Thank you! Questions?

Contact: ACT
Association of Commercial Television in Europe
Rue Joseph II, 9-13, BE - 1000 Brussels...
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U4 06 Innovative and Strategic Challenges for Commercial TV (by ACT)

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Presentation held by the Director General of ACT (Association of Commercial Television in Europe) in March 2010 at the european television and media management academy (etma) in Strasbourg, France.

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U4 06 Innovative and Strategic Challenges for Commercial TV (by ACT)

  1. 1. Innovative & Strategic Challenges for European Commercial Broadcasters Strasbourg, 1 March 2010
  2. 2. 2
  3. 3. “Incremental Change or Permanent Revolution?” 3
  4. 4. 1. Nature of Change in the European B’cast Business a) Pace of Change Accelerating (speed at which new technologies come to market); 4
  5. 5. The accelerating pace of new technologies Ways to distribute electronic media content Mobile Broadcast TV 3G SVOD PODCAST VOD TVoDSL DTT XXIth century WEB XXth century DVD DIGITAL CABLE DIGITAL SATELLITE ANALOGUE SATELLITE ANALOGUE CABLE VHS TELEVISION CINEMA 1950 1960 1970 1980 1990 2000 2010 5
  6. 6. a) What is “broadcasting”? i. “Linear/Non-linear” debates at EU level 2006-07 ii. Extension of broadcasters’ business activities 6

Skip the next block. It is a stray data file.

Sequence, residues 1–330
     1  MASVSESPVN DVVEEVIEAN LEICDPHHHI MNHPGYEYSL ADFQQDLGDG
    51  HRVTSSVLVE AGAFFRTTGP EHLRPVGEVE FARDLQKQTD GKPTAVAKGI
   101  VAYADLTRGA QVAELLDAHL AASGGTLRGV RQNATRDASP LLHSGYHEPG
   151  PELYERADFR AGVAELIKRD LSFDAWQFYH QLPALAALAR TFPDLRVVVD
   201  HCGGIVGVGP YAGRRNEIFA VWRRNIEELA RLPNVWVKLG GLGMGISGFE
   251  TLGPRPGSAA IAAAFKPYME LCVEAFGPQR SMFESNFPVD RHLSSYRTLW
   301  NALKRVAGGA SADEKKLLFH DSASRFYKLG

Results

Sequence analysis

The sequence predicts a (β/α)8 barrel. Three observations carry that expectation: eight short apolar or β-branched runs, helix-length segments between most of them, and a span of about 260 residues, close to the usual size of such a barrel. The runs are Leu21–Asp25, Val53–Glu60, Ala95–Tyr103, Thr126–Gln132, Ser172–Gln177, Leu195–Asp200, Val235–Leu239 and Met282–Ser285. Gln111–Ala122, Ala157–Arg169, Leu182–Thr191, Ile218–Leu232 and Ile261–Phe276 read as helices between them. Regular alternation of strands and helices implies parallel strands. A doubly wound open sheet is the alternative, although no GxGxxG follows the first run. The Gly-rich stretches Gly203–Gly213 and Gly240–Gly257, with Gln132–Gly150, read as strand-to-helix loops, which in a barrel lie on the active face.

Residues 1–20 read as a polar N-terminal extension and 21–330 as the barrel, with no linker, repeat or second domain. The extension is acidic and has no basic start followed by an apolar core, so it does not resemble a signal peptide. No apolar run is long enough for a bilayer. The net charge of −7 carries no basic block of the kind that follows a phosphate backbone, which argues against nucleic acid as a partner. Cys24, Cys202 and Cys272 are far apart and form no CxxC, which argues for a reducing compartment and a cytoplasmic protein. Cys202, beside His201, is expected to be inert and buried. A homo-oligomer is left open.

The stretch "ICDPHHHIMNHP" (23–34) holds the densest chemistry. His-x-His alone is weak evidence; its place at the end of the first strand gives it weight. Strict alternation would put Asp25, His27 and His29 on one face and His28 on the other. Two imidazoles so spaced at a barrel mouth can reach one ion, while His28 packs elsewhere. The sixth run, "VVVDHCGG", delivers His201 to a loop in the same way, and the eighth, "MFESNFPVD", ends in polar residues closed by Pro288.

7. 7. 2. Structural Shift of the entire industry “Not a business sector like any other”… 7
  8. 8. Assumptions underpinning the (public and commercial) TV sector 1950-2000: i. “Dual System” ii. Culture or Commerce? iii. Qualitative measurement; iv. Close strategic relationship with cinema industry v. Vertical integration the default model (commission-production-transmission) vi. Relatively simple “virtuous circle” in commercial television; vii. Content-driven business strategies – distribution not an issue in many markets 8
  9. 9. Changes brought about by : i. Entry of commercial players in mid-80s, with only limited impact on the integrated model; ii. Launch of pay-TV platforms (1990-2003); iii. Multiplication of broadcast channels (with obvious impact on market share of leaders) ; iv. New market entrants (ICT) – particularly profound impact on the assumptions above 9
  10. 10. Shift in Assumptions : i. Beyond the Dual System; ii. Private sector unambiguously commercial; iii. Quantitative measurement and tools adopted from “normal” business – e.g., ARPU; iv. Shifts in relationships among genres : cinema, sport, original production; v. Publisher-broadcaster model and rise of independent producers – a sector undergoing its own structural shifts; vi. Driving revenues increasingly complex (see below); vii. Distribution as important as content ownership 10
  11. 11. 3) Impact across the value chain 11
  12. 12. Simplified media value chain : Revenue → Investment in Content → Distribution →… in competition with → produces ROI → Revenue 12